At the symphony's finale, full of brass and grandeur, music director Osmo Vänskä's baton was still outstretched, the string players' bows still suspended in the air, when the hollering started.

The crowd at Orchestra Hall on Friday night sprang to its feet, clapping and cheering.

Composer Jean Sibelius isn't a fan favorite in every concert hall. But here in Minnesota, Sibelius is synonymous with Vänskä, the beloved music director who, after 19 years with the orchestra, will step down this summer.

Vänskä's way with his fellow Finn is a big part of what put him on the map, what led him to Minnesota, what entrenched him in the hearts of audiences here. So in this final season, for the first time, the orchestra is playing all seven of the composer's symphonies during a three-week Sibelius Festival that acts as a celebration and the start of a goodbye.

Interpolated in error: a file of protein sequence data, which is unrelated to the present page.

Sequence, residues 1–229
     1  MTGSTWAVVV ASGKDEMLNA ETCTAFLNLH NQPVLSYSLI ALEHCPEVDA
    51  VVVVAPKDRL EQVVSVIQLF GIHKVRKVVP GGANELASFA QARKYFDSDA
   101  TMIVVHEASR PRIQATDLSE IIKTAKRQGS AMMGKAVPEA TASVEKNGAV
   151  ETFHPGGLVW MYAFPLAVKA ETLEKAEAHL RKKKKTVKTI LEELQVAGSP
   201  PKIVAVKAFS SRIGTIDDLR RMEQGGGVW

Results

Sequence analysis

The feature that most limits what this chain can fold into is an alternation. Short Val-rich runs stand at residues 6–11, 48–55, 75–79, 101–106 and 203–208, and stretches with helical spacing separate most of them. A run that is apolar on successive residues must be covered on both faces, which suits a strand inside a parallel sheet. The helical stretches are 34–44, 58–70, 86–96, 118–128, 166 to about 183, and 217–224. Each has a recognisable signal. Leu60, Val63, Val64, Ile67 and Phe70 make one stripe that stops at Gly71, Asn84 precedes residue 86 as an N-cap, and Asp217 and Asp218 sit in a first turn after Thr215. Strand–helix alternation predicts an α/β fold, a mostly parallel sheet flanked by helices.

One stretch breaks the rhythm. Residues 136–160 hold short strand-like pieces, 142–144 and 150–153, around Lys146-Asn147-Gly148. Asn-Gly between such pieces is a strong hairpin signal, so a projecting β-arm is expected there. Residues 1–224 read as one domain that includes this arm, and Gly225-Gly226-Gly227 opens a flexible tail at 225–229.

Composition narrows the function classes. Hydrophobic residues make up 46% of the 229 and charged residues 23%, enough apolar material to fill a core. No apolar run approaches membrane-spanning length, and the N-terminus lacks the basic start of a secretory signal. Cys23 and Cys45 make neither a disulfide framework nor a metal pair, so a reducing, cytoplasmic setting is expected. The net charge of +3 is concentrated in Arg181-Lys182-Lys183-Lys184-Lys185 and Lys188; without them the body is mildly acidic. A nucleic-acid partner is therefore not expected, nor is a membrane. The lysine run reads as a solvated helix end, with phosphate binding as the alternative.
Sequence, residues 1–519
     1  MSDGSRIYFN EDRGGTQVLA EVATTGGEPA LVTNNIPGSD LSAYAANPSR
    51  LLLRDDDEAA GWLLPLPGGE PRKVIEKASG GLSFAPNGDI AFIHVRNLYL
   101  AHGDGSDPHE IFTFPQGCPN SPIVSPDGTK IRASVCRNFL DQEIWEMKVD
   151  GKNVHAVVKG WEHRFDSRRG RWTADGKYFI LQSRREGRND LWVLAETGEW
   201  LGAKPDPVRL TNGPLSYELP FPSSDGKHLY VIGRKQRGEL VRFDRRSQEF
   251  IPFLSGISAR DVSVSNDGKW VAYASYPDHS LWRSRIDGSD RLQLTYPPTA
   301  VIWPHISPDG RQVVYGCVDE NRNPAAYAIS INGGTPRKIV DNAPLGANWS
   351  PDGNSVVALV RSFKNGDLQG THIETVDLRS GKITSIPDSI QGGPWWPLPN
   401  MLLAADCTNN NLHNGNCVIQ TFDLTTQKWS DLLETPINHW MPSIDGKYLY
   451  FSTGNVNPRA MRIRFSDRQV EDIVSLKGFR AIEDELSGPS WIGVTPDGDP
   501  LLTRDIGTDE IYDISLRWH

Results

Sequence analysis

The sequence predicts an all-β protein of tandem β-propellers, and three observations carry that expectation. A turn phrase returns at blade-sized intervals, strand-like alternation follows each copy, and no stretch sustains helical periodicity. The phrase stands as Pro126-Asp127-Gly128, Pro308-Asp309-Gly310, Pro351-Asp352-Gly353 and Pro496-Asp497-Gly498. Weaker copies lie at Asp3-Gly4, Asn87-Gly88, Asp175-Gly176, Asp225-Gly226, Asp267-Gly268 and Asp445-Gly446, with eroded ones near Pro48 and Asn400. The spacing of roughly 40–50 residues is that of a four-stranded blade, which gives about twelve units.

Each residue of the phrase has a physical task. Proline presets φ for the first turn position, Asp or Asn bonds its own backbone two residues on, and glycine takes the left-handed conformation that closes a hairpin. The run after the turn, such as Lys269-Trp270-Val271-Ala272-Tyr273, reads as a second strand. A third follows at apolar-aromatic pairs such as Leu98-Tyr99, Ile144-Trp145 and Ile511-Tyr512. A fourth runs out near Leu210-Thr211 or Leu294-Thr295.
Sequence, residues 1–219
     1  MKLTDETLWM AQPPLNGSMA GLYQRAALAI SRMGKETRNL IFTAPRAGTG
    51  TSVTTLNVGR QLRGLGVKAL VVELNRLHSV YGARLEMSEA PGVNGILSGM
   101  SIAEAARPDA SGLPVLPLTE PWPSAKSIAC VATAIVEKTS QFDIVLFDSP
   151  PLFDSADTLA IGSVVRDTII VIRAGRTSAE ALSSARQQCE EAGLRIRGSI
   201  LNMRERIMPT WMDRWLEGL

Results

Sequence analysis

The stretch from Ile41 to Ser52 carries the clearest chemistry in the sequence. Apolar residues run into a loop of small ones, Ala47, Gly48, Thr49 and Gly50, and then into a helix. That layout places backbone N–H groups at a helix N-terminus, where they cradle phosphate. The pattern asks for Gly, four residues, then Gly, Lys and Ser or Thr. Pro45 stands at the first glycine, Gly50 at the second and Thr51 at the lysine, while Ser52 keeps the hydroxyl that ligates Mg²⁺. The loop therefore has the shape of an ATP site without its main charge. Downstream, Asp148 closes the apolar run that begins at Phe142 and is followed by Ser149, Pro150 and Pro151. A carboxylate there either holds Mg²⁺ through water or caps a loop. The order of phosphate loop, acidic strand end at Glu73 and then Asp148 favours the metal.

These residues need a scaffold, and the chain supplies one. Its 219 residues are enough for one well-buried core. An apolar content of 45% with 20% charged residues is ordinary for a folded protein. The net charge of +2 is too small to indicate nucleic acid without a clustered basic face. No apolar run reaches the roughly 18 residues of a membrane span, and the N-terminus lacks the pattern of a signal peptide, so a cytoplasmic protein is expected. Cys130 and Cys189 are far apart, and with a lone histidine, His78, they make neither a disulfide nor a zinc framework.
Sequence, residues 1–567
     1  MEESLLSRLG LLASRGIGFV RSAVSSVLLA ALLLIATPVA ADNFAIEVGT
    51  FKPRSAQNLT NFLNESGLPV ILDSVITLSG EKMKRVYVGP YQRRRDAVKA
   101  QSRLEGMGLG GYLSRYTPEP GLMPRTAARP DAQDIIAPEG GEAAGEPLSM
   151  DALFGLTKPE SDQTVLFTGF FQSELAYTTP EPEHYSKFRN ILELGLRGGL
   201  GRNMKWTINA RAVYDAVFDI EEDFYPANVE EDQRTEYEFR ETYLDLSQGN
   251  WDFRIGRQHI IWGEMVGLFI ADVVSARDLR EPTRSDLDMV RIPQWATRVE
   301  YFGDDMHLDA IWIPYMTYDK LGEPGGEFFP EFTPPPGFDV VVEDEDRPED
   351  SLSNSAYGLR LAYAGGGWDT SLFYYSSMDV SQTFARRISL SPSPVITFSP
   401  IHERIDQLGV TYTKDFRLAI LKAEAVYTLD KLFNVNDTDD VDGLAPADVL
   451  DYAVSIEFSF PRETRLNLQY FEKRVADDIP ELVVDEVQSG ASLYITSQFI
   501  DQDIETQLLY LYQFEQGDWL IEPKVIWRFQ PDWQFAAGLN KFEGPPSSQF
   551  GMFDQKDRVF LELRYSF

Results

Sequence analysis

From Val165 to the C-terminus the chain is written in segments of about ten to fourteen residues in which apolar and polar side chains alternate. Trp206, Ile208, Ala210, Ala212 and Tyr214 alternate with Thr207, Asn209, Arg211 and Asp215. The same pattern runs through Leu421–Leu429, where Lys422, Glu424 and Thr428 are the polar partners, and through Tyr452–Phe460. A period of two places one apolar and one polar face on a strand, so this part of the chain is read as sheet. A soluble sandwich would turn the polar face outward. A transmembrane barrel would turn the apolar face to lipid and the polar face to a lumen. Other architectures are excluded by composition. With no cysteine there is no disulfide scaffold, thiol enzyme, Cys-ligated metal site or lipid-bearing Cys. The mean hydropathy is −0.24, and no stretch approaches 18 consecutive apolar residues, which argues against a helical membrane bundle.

"The audience in Minnesota knows how much this is really Osmo's music — and because of that, the Minnesota Orchestra's music," said Erin Keefe, the orchestra's concertmaster and Vänskä's wife. "Because it's Osmo's last season, there's no better repertoire for us to play."

With any composer, Vänskä said, "I'm trying to breathe and live through those emotions, what the music is giving to me. ... With Sibelius, it's always the deepest possible way."

In an hourlong interview in his bright office at Orchestra Hall, Vänskä, 68, described his history with the Finnish hero.

Each time Vänskä opens his decades-old, well marked, hardbound Sibelius scores, which he has toted to podiums across the world, "all the old discoveries are there," he said. "But then you see something, like extra. It's the same package there, but then, hmmm, there's this connection too, yah.

"The vision gets a little larger every time you do it."

He's a 'fundamentalist'

Other conductors stretched Sibelius out, slowed him down.

It's an urge Sibelius himself understood, Vänskä said. "He said that sometimes, when a good orchestra is in front of me, it sounds so good that there's a temptation to make everything slower and slower."